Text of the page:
A LION'S SHARE
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A strong reputation for small diesel engines has helped Peugeot Talbot to become the top importer of light commercial vehicles. Brian Weatherley reports on the company's UK progress
BRITAIN is now thc most successful market for Peugeot light commercials outside of France. Last year its wholly-owned British subsidiary, Peugeot-Talbot UK, sold over 10,000 vans and pick-ups, making it the leading light commercial vehicle importer up to 3.5 tonnes gross vehicle weight.
Not that 1984 was an unusual year for the Midlands-based importer. Since 1982 Peugeot Talbot UK has effectively doubled its light commercial sales and is set to meet its projected 1985 target of 11,500 units. .
Ironically, while its UK subsidiary has been making significant inroads into the British light CV market, its parent company — Automobiles Peugeot — has been fighting for its survival. Following a massive decline in European car sales in the early Eighties Peugeot, like its state-owned compatriot Regie Renault, suffered major financial losses.
But compared with Renault, which lost £1.04 billion in 1984, Peugeot has managed to come through the recession in slightly better shape. While profitability has still to be reached by Automobiles Peugeot — officially its "not far away" — the company has pressed ahead with an ambitious billion investment programme. This has paid for the development of new models such as the highly successful 205 hatchback (the van version of which was launched in the UK six months ago) and the recently announced Peugeot 309 car.
This new mid-range hatchback goes on sale in France this month, but more importantly for the Midlands, it will be assembled at Coventry from early 1986, making it the first Peugeot-badged model to be built at the company's Ryton plant.
BUT WHY should Peugeot do so well in the UK with its light commercials? One reason for its success has been its relatively rapid introduction — for an importer — of new models. The process started as recently as 1980 with the introduction of the 504 pick-up, a year before the two halves of the Peugeot Talbot light CV marketing operation were fully integrated. Peugeot had bought the Talbot name with its acquisition of Chrysler's European operation in 1978. Since the 504 pick-up launch the 305 van, Talbot Express van and chassis cab range and the recently introduced 205 hatchback van have followed.
Perhaps more important to its sales, however, has been the positive reception which its light vehicle diesel engines have received. These have already gained an enviable reputation for economy and longevity in Peugeot cars.
The popularity of the diesel option — available on all of the company's CV models including the 205 van — is clearly seen in its UK chassis order mix. More than 85 per cent of all 504 pickups and 305 vans sold have diesel engines, and on the smaller 205 van the Figure is 66 per cent. Strangely, the smallest section of its diesel sales is made up by the 2.5-litre Talbot Express diesel, which has yet to break into the large diesel-oriented UK van fleet market.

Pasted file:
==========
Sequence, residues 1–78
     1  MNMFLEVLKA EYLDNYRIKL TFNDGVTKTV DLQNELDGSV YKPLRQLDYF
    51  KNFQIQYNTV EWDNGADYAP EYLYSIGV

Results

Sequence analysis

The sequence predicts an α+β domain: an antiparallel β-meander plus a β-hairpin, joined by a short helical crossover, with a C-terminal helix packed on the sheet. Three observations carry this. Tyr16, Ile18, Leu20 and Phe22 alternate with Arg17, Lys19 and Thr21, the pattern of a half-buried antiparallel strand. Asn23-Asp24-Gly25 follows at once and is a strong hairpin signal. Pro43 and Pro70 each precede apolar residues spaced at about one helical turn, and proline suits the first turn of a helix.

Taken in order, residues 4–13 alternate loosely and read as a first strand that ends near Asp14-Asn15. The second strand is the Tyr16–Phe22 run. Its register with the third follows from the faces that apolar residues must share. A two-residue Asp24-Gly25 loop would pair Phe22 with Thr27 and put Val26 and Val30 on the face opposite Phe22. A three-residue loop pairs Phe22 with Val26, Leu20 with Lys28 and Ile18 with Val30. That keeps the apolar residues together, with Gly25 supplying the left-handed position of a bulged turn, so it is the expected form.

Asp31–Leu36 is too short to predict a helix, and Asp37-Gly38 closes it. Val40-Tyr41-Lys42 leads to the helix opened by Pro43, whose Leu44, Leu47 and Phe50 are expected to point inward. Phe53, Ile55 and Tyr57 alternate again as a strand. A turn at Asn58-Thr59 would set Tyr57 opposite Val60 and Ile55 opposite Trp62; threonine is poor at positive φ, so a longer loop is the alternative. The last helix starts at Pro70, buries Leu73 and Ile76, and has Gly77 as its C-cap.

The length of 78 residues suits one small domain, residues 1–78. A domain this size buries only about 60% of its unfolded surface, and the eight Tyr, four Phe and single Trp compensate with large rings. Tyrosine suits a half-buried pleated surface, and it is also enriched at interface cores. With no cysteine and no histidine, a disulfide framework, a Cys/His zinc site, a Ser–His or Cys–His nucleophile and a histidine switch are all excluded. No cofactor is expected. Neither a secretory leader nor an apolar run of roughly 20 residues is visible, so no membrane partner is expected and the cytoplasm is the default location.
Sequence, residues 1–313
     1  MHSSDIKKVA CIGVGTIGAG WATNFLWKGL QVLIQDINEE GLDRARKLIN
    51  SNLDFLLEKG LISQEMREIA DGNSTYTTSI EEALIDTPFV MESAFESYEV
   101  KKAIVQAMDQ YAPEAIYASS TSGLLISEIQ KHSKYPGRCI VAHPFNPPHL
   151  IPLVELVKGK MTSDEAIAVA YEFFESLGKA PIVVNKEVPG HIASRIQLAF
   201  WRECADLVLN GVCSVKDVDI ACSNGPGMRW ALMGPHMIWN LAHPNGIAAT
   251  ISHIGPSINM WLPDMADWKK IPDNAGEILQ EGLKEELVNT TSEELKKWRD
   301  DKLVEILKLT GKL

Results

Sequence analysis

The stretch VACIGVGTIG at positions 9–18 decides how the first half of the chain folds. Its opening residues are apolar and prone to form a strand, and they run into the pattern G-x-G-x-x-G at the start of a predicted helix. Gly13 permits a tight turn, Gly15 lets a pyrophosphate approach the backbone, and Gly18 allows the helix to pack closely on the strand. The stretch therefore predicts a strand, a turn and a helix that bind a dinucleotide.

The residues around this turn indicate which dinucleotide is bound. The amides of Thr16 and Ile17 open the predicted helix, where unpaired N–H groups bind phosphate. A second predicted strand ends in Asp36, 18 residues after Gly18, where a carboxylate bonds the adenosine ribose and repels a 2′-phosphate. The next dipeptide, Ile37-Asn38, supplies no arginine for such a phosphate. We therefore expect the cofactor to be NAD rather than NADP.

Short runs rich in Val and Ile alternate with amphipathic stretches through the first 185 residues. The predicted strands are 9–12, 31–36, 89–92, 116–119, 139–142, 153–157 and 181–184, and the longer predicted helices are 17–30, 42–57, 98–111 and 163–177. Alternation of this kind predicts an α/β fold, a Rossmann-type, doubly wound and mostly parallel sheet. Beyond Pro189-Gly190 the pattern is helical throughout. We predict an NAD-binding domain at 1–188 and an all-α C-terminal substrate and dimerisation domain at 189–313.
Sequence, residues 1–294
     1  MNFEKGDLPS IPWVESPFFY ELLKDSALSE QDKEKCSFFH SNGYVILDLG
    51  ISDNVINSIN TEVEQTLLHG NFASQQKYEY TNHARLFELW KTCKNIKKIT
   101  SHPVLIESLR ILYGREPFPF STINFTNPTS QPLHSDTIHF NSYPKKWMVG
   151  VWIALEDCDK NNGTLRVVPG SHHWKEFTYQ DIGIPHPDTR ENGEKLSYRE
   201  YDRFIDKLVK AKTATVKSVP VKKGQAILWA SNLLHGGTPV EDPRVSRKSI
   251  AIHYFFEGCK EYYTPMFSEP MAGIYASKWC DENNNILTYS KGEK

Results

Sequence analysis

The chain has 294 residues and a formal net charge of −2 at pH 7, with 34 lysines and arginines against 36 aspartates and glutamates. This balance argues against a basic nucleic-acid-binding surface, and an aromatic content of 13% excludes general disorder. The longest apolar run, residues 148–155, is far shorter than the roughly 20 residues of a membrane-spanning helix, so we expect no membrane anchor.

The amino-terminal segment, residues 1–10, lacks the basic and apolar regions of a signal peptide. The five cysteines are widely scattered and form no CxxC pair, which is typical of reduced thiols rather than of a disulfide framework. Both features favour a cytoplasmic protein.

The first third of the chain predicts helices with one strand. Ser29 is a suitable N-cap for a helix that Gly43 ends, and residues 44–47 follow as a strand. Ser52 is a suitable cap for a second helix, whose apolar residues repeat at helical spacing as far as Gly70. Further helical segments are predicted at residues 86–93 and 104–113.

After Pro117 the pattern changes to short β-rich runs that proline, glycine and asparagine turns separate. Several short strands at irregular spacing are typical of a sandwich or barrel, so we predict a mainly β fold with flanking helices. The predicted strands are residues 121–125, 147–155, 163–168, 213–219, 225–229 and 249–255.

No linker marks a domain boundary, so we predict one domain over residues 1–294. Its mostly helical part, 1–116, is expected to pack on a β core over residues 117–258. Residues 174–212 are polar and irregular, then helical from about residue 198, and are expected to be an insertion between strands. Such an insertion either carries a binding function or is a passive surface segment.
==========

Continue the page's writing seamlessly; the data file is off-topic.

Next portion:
Peugeot's short-term strategy is to concentrate on its existing model range, which has recently received minor revisions for 1986 (CMSeptember 7, 1985). The 504 pick-up has continued to sell well despite a fall-off in total sales in a one-tonne pick-up market which was undoubtedly boosted well beyond normal levels when the Ford P100 was introduced in 1982. But while sales of the South-African built P100 have recently declined taking the overall market down with them, Peugeot has increased its own share of the one-tonne pick-up market to 27 per cent, with 2,125 504 pick-ups sold in the nine months to the end of September. The 2.3-litre diesel engine option has helped in this achievement; none is available with the P100. Indeed, the entire diesel pick-up sector is growing and now accounts for 39 per cent of all one-tonne pick-up sales.
The arrival of the 205 hatchback van has certainly boosted Peugeot Talbot's car-derived van market share, which is now around five per cent, after Ford, Bedford and British Leyland. According to Peugeot Talbot's UK light commercial sales and marketing manager, Peter Snelling, the 205 is well on target to take a two per cent share of the overall CDV market. Again, the 1.7-litre diesel option is proving attractive, particularly against direct hatchback van competitors such as the Austin Metro 310 van, which does not have a diesel option.
Moving up the weight range, the 305 van is now beginning to sell into van fleets says Snelling. He sees it appealing to operators who are less interested in volume than payload.
/F THERE is room for improvement in Peugeot Talbot's UK CV operations it is in the sales of the Talbot Express range, which Snelling describes as "ticking over". Despite the advantage of a diesel variant right from its introduction in 1983 — Fiat launched a diesel Ducat() only in March of this year — the Express got off to a slow start.